In the evening of July 13, 2023, the YRP received a 911 call of a vehicle theft that had just taken place. An Uber delivery driver had called to report that his Toyota Venza had been stolen from the plaza at 10909 Yonge Street, Richmond Hill.
Plainclothes officers with the Criminal Investigations Bureau, including SO #1 and SO #2, mobilized to locate the vehicle. They were assisted by a tracker that was in the vehicle and the YRP helicopter, Air2.
The Complainant had taken the Toyota from the plaza parking lot. Over the next hour-and-a-half, the Complainant would embark on a course of dangerous driving involving excessive speed, erratic maneuvers, and disregard of red lights. Near the tail end of his misadventure, as he travelled west on Highway 9 east of Highway 400, the Complainant travelled over a tire deflation device that had been deployed by SO #1. With one or more of the Toyota’s tires punctured, the Complainant continued for a distance before making a U-turn to travel east on Highway 9.

SO #2 was behind the Toyota and followed it as it travelled east towards Dufferin Street, where it made a right hand turn to travel south. The officer attempted to get in front of the vehicle in order to attempt a rolling stop but was blocked from doing so by the Complainant. She continued to follow the Toyota at close distance and watched as it lost control and crashed into the west side ditch. The time was 10:16 p.m.

SO #2 was the first to reach the Complainant. She pulled the Complainant out of the Toyota and quickly found herself in an altercation. The Complainant punched and pushed the officer, and the two went to ground. As he continued to strike the officer, SO #2 struck back with several punches to the Complainant’s leg.
SO #1 joined the struggle and delivered multiple punches to the Complainant’s backside. Shortly thereafter, with the intervention of additional officers and more punches, the Complainant’s arms were controlled and handcuffed behind the back.

The Complainant was transported to hospital from the scene where he was diagnosed with a front nasal fracture.

Relevant Legislation

Section 25(1), Criminal Code -- Protection of persons acting under authority

25 (1) Every one who is required or authorized by law to do anything in the administration or enforcement of the law
(a) as a private person,
(b) as a peace officer or public officer,
(c) in aid of a peace officer or public officer, or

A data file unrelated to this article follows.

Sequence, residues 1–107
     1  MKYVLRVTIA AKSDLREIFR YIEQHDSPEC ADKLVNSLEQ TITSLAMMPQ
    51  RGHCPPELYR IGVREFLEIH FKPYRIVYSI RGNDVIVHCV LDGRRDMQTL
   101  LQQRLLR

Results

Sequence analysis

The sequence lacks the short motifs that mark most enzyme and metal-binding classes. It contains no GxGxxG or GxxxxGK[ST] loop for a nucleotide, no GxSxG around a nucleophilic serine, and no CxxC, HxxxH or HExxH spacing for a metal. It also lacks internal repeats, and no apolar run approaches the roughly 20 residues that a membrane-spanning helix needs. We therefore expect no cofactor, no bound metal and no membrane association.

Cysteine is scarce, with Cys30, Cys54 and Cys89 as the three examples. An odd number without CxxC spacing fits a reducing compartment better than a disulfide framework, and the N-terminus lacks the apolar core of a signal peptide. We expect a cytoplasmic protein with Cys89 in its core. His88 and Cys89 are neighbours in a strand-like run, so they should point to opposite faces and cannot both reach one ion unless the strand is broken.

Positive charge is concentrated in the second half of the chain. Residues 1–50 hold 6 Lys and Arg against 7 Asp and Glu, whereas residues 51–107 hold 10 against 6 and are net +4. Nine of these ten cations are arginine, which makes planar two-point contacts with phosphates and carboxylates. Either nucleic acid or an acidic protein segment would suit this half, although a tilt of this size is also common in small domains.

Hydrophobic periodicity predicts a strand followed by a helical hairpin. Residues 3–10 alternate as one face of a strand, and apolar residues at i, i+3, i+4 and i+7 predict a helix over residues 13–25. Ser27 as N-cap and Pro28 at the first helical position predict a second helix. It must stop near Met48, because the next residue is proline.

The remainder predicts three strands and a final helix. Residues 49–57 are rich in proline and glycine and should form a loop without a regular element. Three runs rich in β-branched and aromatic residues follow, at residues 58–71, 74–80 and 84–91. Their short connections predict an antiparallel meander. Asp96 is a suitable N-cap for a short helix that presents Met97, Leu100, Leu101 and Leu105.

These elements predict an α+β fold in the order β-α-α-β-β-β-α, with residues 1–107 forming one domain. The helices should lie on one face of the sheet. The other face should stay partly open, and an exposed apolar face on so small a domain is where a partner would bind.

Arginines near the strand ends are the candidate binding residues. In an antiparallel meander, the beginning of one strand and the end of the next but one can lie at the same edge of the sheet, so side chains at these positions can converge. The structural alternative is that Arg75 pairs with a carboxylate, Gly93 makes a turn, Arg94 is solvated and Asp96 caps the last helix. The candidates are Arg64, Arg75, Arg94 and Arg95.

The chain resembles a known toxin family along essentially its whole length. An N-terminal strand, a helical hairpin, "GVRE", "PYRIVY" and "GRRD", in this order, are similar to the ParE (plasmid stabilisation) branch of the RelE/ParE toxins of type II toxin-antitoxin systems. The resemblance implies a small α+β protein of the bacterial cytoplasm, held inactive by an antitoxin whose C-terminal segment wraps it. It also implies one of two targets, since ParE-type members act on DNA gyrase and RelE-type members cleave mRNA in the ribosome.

(d) by virtue of his office,
is, if he acts on reasonable grounds, justified in doing what he is required or authorized to do and in using as much force as is necessary for that purpose.

Sections 219 and 221, Criminal Code - Criminal Negligence Causing Bodily Harm

219 (1) Every one is criminally negligent who
(a) in doing anything, or
(b) in omitting to do anything that it is his duty to do,
shows wanton or reckless disregard for the lives or safety of other persons.
(2) For the purposes of this section, duty means a duty imposed by law.

221 Every person who by criminal negligence causes bodily harm to another person is guilty of                                                                                                                                 
(a) an indictable offence and liable to imprisonment for a term of not more than 10 years; or                      (b) an offence punishable on summary conviction.

Analysis and Director's Decision

On July 13, 2023, the Complainant was seriously injured at or about the time of his arrest by YRP officers. In the ensuing SIU investigation of the incident, SO #1 and SO #2 were identified as the subject officials. The investigation is now concluded. On my assessment of the evidence, there are no reasonable grounds to believe that the subject officials committed a criminal offence in connection with the Complainant’s injury.

Pursuant to section 25(1) of the Criminal Code, police officers are immune from criminal liability for force used in the course of their duties provided such force was reasonably necessary in the execution of an act that they were required or authorized to do by law.